Five years have passed since Megan died.
On the anniversary of her death, I weeded and mulched the trees in the back orchard as a way of “dealing” with the sadness. Was that the best option? It was the option I chose as I simply do not know how to “best” deal with sadness. On my way back to the orchard, I sat on the blue bench at “Megan’s Spot” by the pond and cried hard. The kind of crying that doesn’t stop on command. The kind of crying that leaves you emptied. It helped, but tinges of sadness remained all day.
How best to remember/honor the day your daughter died? How best to acknowledge the sadness and grief and make of it something that helps rather than hurts? I dig the slivers from myself as best I can, but the hurt remains. I tell myself stories in order to live.
I prefer to grieve alone. I believe we all grieve alone and intrusions on the grieving process disrupt the natural flow. For me, grief is a very private process and even writing about it seems like a transgression on memory. I didn’t answer phone calls and stayed away from social media, particularly from posts that kindly and thoughtfully remembered my daughter’s passing. I do not need reminders; I have a trunk full of them.
Megan was a blessing like no other blessing in my life. I miss her terribly, but saying this over and over doesn’t help. I know it and she knows it.
As I weeded and mulched, I held in my mind a picture of Megan sitting on the John Deere, mowing the back field with the belly mower. She was happy and smiling. She was in her element. She was alive, very much alive, as she is in my memory and in my heart.
Now, in that same field, there are forty or more fruit and nut trees. As I worked, I focused on the six English Walnut trees, spaced almost exactly 12 feet apart in two rows, and another row of four Hican nut trees also equally spaced. Such planting was my way of imposing an order on the world in a world that has an order of its own.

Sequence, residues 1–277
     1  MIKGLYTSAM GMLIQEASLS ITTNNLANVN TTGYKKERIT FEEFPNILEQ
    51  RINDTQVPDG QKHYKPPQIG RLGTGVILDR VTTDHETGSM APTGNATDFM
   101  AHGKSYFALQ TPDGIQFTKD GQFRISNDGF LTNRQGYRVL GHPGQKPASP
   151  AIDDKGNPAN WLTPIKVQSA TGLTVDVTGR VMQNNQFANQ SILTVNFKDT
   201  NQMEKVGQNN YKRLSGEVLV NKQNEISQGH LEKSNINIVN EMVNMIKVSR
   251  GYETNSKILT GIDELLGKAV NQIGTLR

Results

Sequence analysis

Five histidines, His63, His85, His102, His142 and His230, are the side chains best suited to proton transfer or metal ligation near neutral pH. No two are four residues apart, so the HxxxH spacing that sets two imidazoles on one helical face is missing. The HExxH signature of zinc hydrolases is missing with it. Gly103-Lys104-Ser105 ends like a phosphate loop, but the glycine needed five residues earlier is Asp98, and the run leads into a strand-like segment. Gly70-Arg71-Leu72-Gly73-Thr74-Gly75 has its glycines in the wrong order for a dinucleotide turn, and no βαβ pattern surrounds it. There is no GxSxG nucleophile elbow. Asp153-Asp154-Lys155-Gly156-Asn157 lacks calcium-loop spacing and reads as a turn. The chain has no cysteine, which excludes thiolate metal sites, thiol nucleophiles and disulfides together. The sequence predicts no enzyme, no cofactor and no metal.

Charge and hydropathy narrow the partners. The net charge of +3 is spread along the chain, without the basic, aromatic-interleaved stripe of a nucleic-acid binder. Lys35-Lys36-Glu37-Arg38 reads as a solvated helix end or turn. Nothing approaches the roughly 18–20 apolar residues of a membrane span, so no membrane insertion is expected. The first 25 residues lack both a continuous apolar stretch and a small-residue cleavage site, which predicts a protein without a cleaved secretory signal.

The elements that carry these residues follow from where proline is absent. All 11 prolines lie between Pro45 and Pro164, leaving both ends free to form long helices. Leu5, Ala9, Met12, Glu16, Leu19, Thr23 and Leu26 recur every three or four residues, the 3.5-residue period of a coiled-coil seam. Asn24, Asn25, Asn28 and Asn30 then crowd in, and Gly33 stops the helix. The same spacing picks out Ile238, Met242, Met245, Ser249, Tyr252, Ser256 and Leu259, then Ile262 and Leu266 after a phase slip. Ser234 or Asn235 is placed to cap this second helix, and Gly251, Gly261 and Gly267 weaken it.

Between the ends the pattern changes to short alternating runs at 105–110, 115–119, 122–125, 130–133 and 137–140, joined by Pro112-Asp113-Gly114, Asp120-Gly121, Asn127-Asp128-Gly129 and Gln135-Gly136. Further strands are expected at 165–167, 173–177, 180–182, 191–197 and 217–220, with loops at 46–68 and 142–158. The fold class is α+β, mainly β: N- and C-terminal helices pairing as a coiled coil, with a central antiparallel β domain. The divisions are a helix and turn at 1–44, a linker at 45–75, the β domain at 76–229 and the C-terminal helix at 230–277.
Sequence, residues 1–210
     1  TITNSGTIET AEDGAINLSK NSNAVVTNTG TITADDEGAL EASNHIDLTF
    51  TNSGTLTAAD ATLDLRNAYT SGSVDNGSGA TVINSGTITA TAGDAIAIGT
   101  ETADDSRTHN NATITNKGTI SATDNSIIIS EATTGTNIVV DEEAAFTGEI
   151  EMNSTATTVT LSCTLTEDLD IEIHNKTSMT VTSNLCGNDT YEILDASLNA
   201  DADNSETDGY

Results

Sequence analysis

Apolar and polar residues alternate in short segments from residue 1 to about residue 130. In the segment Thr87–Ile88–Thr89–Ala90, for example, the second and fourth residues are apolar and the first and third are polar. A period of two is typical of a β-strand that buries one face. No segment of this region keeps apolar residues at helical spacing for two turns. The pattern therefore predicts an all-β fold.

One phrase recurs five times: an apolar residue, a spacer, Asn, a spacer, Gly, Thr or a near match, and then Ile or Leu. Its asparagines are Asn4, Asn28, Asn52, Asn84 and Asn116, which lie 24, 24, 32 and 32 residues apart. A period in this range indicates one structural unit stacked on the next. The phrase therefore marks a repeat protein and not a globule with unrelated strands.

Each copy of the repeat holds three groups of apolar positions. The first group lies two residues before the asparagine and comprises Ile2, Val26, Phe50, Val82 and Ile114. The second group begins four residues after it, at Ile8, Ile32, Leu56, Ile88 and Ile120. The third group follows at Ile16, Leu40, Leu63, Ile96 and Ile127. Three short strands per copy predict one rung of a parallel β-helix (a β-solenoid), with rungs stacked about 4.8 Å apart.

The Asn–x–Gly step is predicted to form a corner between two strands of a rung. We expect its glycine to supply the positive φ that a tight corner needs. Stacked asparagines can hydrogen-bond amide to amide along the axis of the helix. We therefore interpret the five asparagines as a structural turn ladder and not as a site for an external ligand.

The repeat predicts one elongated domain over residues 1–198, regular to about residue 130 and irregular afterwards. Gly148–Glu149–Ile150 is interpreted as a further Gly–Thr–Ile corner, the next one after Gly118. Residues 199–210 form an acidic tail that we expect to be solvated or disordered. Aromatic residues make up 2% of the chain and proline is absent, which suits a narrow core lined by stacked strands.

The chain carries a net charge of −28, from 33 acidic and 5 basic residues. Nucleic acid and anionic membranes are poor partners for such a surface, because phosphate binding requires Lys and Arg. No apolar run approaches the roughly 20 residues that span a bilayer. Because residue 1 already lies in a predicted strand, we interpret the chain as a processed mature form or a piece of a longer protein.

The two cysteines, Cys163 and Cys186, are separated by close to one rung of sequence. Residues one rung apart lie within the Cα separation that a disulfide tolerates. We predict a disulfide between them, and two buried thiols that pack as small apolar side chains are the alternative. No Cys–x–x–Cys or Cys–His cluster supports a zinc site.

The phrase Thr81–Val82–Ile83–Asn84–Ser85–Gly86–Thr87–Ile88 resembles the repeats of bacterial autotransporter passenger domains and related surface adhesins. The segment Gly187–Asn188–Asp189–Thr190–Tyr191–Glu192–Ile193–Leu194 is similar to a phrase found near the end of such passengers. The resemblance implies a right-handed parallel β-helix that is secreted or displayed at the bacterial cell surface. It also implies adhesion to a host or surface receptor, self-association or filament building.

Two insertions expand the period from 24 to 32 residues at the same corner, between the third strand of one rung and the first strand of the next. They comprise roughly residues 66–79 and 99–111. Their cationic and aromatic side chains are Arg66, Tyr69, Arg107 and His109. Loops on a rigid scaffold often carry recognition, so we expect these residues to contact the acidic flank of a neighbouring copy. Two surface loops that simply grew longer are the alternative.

In decades to come, when these are strong, 60-foot-tall trees, someone may wonder how they got to be there in this field and in such a pattern. They wouldn’t guess that it was the work of a foolish old man trying to keep his life together and find meaning in it when much of the meaning had escaped.
On such days, it seems all is lost and everything is heavy with the absence of life. The air is out of my sails and I have no real desire to work or do anything. I just want to feel the sadness and let it pass through me. As it passes through, it takes with it some memory or feeling that I no longer need. I am cleansed by my grief. God knows a lot of cleansing remains but I am renewed. A tad lighter. A tad softer. A tad, just a tad, less sad.
It’s axiomatic to say that life goes on after the death of someone dear to you. But the life that goes on is not the life that you had. It’s never the same and magical thinking for this sameness only adds to the pain. One’s life is forever altered. There’s no escaping the change only the effort to incorporate the change into my life.
I have no desire to go on living “happily ever after”, as if that were possible even to fake, nor do I have any desire to walk about hobbled and chained by regrets and sadness. After the weeding and mulching, I sink to my knees and cry again. I think I will never be able to get up. Then I do.
Photo taken October 12, 2014